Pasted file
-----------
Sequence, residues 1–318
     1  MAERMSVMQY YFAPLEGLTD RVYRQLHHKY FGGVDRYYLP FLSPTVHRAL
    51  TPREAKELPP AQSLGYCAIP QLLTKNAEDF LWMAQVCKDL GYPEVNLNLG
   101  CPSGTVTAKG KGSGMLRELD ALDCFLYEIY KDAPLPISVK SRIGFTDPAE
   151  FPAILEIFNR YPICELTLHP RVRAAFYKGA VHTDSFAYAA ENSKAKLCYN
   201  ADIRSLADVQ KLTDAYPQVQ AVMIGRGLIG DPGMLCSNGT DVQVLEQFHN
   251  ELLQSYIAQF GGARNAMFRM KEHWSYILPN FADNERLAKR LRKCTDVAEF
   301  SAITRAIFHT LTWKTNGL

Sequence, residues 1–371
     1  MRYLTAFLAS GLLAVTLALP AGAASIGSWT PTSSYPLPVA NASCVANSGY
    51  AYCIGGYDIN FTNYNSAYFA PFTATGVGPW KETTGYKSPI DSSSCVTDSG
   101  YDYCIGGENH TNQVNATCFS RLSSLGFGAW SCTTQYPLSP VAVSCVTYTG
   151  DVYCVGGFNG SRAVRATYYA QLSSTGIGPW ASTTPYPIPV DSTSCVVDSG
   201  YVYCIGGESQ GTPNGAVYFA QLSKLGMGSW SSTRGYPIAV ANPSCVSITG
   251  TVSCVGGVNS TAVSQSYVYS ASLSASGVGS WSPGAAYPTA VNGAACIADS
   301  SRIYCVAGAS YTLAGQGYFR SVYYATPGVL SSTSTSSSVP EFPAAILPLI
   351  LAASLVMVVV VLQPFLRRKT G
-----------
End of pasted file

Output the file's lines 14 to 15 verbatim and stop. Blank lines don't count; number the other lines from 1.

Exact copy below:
   201  YVYCIGGESQ GTPNGAVYFA QLSKLGMGSW SSTRGYPIAV ANPSCVSITG
   251  TVSCVGGVNS TAVSQSYVYS ASLSASGVGS WSPGAAYPTA VNGAACIADS